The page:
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1946: The Pursuit of Justice
 pg. 639 
    As a snowstorm gathered on a late November day in 1946, a Jewish woman named Gerda Weissmann Klein headed home after finishing her grocery shopping in Buffalo, New York. Grocery shopping was important to her. Words and pictures on product labels were helping her learn English. Shelves stocked with food reassured her; their apparently unending abundance meant that she would never again be consumed by hunger.

After unpacking her groceries, Gerda took the bread she had purchased, sat by a window in her living room, and--as she watched the storm swirl--began to eat the loaf. Fresh though it was, the bread became salty and soggy, as tears fell upon her meal.

Holocaust survivor Gerda Klein, whose remarkable story became the subject of an Academy Award-winning documentary called One Survivor Remembers, recounts this episode in her memoir, All But My Life. As she ate, memory told her what was wrong. "During the long years of deprivation," she recalled, "I had dreamed of eating my fill in a warm place, in peace, but I never thought that I would eat my bread alone."

Married to Kurt Klein, a former U.S. Army lieutenant, Gerda was not alone in late November 1946--and yet she was. Born in 1924, Gerda Weissmann had witnessed the German occupation of her hometown, Bielitz, Poland, in 1939. She had spent years in Nazi forced-labor camps and endured brutal death marches in 1945 before American troops, among them Kurt Klein, liberated her in early May at Volary, Czechoslovakia.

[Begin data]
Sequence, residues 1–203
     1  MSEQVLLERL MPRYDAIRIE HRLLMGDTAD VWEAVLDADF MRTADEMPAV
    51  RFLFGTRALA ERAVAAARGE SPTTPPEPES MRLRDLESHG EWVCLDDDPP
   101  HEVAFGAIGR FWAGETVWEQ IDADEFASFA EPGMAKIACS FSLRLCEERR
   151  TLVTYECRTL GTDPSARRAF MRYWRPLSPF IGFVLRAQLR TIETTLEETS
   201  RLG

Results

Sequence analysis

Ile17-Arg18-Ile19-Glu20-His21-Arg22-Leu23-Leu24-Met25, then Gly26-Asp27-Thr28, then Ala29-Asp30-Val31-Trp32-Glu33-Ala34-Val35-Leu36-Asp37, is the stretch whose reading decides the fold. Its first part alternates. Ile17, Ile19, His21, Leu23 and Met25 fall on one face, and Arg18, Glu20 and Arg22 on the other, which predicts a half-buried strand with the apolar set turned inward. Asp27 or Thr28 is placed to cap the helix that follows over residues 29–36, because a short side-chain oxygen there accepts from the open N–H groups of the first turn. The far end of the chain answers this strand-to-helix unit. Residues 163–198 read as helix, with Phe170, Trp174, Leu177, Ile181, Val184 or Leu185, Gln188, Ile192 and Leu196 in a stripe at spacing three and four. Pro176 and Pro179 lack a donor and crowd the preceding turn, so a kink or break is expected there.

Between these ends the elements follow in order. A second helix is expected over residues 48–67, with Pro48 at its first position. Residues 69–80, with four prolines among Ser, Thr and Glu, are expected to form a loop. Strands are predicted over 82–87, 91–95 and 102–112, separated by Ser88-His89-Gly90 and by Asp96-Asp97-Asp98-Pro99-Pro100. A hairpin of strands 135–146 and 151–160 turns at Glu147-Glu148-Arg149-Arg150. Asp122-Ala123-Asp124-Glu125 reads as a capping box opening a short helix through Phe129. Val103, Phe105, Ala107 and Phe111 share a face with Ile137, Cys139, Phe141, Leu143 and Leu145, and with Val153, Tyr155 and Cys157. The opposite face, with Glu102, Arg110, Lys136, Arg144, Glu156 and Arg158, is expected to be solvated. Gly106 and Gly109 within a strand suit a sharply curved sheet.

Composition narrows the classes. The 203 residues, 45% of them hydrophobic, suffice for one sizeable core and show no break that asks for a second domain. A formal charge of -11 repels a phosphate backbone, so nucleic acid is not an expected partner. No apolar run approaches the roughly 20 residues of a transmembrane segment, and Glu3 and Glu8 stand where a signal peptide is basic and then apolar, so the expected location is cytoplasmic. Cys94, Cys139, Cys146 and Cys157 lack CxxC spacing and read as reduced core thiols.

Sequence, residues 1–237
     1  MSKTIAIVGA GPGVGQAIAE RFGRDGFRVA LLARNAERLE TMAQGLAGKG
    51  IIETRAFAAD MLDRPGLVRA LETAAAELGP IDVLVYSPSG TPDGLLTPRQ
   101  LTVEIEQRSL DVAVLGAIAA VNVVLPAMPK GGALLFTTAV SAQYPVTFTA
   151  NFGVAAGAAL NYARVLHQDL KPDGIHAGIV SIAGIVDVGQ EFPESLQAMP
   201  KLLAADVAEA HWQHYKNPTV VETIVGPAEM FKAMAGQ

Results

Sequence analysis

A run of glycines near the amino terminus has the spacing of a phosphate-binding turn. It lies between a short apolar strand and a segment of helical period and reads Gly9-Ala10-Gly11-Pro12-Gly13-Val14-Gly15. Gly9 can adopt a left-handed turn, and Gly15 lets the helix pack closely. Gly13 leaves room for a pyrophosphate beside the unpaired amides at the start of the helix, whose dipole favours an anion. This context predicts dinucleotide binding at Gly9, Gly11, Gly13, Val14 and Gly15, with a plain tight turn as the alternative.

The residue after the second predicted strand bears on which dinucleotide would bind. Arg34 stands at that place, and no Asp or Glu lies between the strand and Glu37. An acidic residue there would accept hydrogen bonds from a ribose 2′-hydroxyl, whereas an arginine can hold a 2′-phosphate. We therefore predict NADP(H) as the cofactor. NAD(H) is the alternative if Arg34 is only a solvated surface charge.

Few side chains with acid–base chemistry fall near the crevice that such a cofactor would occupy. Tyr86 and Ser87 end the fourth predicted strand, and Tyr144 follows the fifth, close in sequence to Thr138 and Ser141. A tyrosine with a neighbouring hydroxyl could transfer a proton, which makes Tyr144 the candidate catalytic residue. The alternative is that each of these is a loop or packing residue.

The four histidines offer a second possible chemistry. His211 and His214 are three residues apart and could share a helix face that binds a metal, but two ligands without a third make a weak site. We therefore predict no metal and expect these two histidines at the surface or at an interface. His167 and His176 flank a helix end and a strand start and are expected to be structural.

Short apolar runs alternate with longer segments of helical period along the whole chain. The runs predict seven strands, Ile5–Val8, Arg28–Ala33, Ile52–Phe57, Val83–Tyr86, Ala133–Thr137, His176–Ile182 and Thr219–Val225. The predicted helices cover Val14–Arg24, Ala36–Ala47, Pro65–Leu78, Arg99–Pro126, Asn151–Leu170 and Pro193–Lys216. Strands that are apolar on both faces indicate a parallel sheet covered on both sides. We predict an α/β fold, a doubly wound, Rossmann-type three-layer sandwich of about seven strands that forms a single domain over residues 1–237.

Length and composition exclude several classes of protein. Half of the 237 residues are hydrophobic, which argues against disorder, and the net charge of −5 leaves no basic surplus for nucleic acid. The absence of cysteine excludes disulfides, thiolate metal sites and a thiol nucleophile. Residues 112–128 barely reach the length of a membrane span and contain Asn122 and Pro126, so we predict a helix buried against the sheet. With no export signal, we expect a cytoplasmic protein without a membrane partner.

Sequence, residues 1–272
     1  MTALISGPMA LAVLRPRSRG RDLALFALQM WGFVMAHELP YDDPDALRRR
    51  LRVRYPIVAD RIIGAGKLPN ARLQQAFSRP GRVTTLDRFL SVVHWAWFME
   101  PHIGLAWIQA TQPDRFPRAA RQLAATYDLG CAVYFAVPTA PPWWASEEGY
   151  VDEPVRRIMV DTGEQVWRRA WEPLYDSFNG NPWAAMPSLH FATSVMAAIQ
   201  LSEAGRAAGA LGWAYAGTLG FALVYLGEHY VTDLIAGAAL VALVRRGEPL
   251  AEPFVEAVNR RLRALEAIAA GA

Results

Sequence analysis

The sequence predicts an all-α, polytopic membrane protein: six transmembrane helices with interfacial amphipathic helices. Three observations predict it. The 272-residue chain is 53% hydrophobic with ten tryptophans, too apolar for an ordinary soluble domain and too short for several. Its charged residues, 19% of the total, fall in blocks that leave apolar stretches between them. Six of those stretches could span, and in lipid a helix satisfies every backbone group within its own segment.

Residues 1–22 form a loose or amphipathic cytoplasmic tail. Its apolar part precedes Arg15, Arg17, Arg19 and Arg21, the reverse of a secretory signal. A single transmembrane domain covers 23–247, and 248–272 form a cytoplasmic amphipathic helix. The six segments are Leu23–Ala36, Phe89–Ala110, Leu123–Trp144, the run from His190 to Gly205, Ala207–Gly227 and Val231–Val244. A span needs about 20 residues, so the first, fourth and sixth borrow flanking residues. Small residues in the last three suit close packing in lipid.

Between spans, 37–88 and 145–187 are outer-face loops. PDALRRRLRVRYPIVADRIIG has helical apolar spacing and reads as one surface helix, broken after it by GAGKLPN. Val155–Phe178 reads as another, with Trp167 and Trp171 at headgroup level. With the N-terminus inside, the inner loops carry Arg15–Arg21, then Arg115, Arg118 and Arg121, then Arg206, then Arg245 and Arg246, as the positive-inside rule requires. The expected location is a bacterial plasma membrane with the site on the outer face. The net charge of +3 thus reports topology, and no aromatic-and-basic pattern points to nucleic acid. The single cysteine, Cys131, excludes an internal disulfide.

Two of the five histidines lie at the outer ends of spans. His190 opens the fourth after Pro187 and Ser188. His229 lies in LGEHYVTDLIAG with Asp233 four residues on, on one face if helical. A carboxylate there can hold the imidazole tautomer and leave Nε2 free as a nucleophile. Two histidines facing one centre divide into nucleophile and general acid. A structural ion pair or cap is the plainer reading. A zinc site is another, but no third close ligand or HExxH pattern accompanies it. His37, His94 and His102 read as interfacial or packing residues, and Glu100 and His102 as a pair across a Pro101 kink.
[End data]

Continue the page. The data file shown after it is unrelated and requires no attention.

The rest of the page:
After Kurt and Gerda met in Volary and fell in love, they married. They moved to Buffalo in September 1946 and began a long and successful life together. Nevertheless, what Gerda calls "a stabbing memory" or, in particular, "a pervasive loneliness" still afflicted her, for she had lost most of her family and many friends in the Holocaust.

While Gerda Klein coped with her pain, U.S. Brigadier General Telford Taylor tried to bring the Nazi perpetrators to justice. A skilled lawyer, Taylor had been part of the legal team assembled the year before by Robert H. Jackson, the U.S. Supreme Court justice who served as the chief American prosecutor at the International Military Tribunal (IMT). Including representatives from France, Great Britain, and the Soviet Union as well as the United States, the IMT had spent 12 months pursuing justice against 24 of the most significant Nazi leaders

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This Jewish Holocaust survivor, former prisoner B-12077, found fruitful work in Palestine.
Photo: Leni Sonnenfeld Photographer

1946: The Pursuit of Justice
 pg. 639 
The Holocaust Chronicle
© 2009 Publications International, Ltd.